A Comparative Examination of Japanese and American
Management Styles, and Their Respective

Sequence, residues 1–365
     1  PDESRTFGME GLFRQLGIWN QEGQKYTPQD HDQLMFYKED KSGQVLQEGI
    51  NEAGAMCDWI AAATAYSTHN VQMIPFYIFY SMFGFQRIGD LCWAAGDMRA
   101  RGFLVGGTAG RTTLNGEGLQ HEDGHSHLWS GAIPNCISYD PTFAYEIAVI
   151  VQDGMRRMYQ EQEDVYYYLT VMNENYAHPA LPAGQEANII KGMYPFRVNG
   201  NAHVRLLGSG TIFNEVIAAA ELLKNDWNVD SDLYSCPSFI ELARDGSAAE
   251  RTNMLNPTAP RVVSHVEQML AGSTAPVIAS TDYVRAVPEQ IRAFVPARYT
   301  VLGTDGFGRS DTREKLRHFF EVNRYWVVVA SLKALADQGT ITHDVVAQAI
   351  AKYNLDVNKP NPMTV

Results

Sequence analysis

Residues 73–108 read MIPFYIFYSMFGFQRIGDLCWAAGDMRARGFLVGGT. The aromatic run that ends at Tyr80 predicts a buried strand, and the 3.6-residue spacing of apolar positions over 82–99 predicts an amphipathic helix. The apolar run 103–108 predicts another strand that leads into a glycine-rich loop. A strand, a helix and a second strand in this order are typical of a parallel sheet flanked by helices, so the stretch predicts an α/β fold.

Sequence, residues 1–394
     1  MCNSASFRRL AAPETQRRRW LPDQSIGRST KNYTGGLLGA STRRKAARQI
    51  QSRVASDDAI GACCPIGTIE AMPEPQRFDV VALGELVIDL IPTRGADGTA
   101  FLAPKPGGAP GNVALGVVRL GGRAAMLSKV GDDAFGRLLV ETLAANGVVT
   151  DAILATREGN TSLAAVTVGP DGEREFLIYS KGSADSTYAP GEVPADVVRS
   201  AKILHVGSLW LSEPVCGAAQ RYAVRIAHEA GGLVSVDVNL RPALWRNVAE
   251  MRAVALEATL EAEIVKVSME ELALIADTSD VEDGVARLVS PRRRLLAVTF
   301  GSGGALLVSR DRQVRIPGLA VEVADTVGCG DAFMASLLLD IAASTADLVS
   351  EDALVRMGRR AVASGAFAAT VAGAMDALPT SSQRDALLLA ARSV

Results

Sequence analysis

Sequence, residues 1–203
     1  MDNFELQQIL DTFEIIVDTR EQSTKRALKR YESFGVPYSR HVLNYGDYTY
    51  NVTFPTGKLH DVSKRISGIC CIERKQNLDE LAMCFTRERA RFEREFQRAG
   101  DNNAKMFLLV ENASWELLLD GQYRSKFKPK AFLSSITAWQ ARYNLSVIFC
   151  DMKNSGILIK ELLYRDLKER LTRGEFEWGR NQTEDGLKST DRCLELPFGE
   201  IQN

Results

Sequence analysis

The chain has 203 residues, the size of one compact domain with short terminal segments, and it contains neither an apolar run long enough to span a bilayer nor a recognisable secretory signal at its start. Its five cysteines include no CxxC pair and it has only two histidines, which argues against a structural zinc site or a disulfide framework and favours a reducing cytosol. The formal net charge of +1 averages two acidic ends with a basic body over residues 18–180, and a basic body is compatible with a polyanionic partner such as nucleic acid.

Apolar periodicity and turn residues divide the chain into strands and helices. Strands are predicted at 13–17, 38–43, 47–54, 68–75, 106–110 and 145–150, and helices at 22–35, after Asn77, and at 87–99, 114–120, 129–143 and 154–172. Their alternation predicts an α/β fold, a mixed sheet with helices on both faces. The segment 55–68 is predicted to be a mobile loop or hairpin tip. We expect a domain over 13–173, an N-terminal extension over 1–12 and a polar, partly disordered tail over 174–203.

It is widely recognized that Japanese and American styles of business management practice differ broadly across the range of supervisory style, decision-making, communications, management controls, and interdepartmental relations. These specific distinctions are rooted in the contrast between Japanese paternalism, which has sometimes been characterized as giving rise to "industrial feudalism," and American individualism, which might more accurately be characterized as personalism. It is proposed that the underlying factor in all of these distinctions is the Japanese group orientation, in which an individual's self-esteem is based upon group perceptions, or what has sometimes been called "saving face." The Japanese manager sees himself as a samurai, having duties and loyalties running up and down. In contrast, American managers' self-perceptions are far more internalized, and less shaped by the reactions of colleagues. The lone cowboy, reliant only on himself, is the underlying American business ideal, and his obligations to others are ultimately secondary to his duty to himself. Beginning in the 1970s and early 1980s, the successes of Japanese industry in penetrating American markets, and in providing American consumers with affordable products of superior quality, focused great attention upon Japanese styles of industrial most minute difference in the depth of a bow is significant in establishing relative place in the hierarchy. The paradox of hierarchy is that it makes it easier for seniors to accept input from juniors (to borrow from military terminology, the military being the most hierarchical walk of American life). Because the hierarchical ranking is so clearly understood by all, a senior can adopt a junior's ideas without his own place in the hierarchy being threatened. In contrast, in the more individualist culture of bossdom, there is -- at least for the...
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